Hudson: Let's go back to Ptahhotep for a second. He's the advisor to the pharaoh in ancient Egypt, over 4,000 years ago. He was actually offered the position of becoming pharaoh, which he turned down in order to lead a more quiet life, and after he had reached the pinnacle of political and worldly success, he set pen to paper to distill and immortalize the timeless principles of human flourishing, of living well with others, that he had derived from experience and observation, from being in the pinnacles of political and temporal power. And so he wrote this book for the pharaoh's son, intending and hoping that the pharaoh's son would read it and become a wise and just ruler himself. 

He says, “Do not in the heat of the moment let the anger in an argument get the best of you.” We're still seeing that on social media all the time. We go on and we're triggered. No one's ever had their mind changed or been persuaded on Twitter—that's not what people go there to do. He also says, “Do not abuse a power differential. Be good and generous and gracious to those that are vulnerable in society. Don't harm them.” Don't lie, don't slander, honor the gods. These are things that you see recur time and time again, in addition to some context-specific mandates and maxims for the good life: For example, very enlightened for this time, he says don't beat your wife: “Be good and generous to your wife, and she'll be a flower that blooms and brings you a lot of joy.” So that was context-specific, but a lot of this is generally good advice that has stood the test of time.

Mounk: So I do think that you have an audience here that is predisposed to like your argument. And of course Persuasion, the magazine that I founded, is trying to show what it is to have serious disagreements about important topics within a broadly philosophical, liberal perspective in a way that is productive and constructive. 

What is it that people who are, broadly speaking, on board with your project still do wrong? And what is it that you think perhaps all of us can learn from your reading and writing? How is it that we can actually live up to the sort of broad goal of civility that—I'm going to speak for my audience—I think most of the people listening to this podcast do share?

Hudson: The inherent vulnerability in writing a book on civility is that I myself am imperfect and fall short of my own ideals, countless times a day. My home was destroyed in a flood last year, and I'm the general contractor on the restoration. And I want to throttle my contractors for not showing up, not doing their job. I'm a mother, I lose my patience with my kids. And life can often feel like death, where it's just low grade aggravation after low grade aggravation. I'll give you an example. I went to my gym class a few days ago and I showed up one minute late (there's literally two other people in the class), and the instructor didn't want to let me in. And I'm like 14 weeks pregnant, I am so sick, I have two babies. You have no idea how hard and complicated my life is right now. It is a miracle I'm here at all and you're not going to let me work out because I'm one minute late? So I totally lost my cool and it became this whole thing.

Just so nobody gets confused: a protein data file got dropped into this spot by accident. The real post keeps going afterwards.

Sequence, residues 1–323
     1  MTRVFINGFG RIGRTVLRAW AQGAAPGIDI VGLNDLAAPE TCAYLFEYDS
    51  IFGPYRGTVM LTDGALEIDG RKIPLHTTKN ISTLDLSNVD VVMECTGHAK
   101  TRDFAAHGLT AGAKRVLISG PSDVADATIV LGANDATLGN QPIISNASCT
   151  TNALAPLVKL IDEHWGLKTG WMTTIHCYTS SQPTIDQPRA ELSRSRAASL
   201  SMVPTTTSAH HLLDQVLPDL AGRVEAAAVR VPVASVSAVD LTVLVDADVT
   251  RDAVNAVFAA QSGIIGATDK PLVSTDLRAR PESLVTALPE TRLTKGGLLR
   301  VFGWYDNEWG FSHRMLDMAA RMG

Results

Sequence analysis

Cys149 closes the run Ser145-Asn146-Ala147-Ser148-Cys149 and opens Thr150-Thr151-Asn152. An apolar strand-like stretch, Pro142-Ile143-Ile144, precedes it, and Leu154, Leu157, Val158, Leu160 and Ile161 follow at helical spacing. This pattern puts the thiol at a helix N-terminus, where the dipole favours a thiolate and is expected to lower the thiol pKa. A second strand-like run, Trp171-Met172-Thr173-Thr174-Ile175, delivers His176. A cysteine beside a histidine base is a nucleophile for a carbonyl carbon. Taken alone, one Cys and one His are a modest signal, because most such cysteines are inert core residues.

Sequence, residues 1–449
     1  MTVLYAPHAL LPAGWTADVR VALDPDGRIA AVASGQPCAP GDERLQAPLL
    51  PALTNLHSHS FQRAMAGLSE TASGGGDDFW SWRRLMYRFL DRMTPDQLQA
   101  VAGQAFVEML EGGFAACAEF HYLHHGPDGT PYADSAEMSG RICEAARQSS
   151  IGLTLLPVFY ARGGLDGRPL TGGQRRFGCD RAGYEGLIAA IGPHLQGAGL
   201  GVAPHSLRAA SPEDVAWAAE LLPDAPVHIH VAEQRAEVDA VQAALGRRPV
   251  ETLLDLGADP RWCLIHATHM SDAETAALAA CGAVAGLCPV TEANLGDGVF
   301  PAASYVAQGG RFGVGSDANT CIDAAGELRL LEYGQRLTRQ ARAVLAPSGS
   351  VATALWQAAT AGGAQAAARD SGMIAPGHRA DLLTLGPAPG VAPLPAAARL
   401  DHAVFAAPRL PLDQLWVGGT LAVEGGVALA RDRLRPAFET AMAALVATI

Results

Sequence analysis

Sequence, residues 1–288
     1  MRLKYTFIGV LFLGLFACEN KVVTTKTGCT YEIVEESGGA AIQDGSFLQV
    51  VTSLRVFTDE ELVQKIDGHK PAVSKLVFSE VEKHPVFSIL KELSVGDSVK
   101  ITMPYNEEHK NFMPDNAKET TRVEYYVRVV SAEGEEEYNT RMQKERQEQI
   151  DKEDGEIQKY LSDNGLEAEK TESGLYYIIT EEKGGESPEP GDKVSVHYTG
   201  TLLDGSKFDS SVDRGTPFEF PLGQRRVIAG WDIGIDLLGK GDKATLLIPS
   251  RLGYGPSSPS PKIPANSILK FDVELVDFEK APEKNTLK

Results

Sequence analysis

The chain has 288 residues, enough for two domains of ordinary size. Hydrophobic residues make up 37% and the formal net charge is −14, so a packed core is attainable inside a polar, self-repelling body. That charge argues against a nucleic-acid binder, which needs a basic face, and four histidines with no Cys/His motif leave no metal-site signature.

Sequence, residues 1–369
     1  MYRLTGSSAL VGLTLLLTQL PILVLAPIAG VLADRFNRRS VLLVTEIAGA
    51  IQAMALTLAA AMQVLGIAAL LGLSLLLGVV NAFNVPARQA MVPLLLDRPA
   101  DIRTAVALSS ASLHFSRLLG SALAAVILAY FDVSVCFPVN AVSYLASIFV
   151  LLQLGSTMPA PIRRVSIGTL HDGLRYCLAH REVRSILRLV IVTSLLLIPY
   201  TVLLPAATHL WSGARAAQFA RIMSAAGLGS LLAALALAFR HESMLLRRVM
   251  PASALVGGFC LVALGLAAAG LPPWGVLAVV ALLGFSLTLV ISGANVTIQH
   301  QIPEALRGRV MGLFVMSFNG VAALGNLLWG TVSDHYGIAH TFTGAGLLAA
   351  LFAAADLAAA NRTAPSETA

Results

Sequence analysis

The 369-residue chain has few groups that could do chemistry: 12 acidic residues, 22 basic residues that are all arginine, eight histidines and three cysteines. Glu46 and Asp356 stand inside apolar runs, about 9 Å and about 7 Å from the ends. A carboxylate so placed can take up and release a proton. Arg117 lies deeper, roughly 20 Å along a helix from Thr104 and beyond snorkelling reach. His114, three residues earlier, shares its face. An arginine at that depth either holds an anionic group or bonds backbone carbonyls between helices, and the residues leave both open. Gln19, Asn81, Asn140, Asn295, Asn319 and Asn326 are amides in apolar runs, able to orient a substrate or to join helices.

This is the reality of this problem. It's a fundamental attribution error: We know our own stories very well, I know all of my excuses all too well for why I was one minute late, and we want people to tell stories of exoneration about us and our behavior, right? From her perspective, I was late, and we have rules and protocols and, like, I'm someone who doesn't like rules, I'm constitutionally allergic to authority: like all the rules my mother educated me in growing up, I was like, why do we do things the way we do them? Why do we shake hands and not bow? Why are we setting the table with forks here, knives here, and not using chopsticks or our hands, like other cultures?

This is a timeless problem that’s always going to be a part of our lives. I still owe her an apology. I'm very much a work in progress and I don't have it figured out and I never will. A core message of the book is that there is no single public figure, no single technology, no single epiphenomenon that is the cause of this. We are the cause. This is a part of the human condition, there is no silver bullet. The moment Donald Trump leaves, this isn't going to go away. If Elon Musk and Twitter suddenly disappeared, the human condition is still going to be the human condition. So change really begins and ends with us and how we choose to interact with each other every day, and we're going to fall short and we just have to resolve to do better. We're so ruthless, we want to define people by one aspect of who they are and not take a full view of the dignity and personhood of the other. 

I'll just leave with Erasmus. Erasmus ends his lovely book called A Handbook for Civility in Children by saying, “Readily ignore the faults of others and avoid falling short yourself.” That is what he says is the wellspring of true civility and human harmony and flourishing. And I know I struggle with this myself, the inverse is all too easy: Blame others and exonerate ourselves. But he says, no, invert that. Readily ignore the faults of others. Tell these stories of exoneration and then avoid committing social infractions and making life more difficult for others. Don't be one minute late for gym class. Just show up on time.

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The Good Fight
The podcast that searches for the ideas, policies and strategies that can beat authoritarian populism.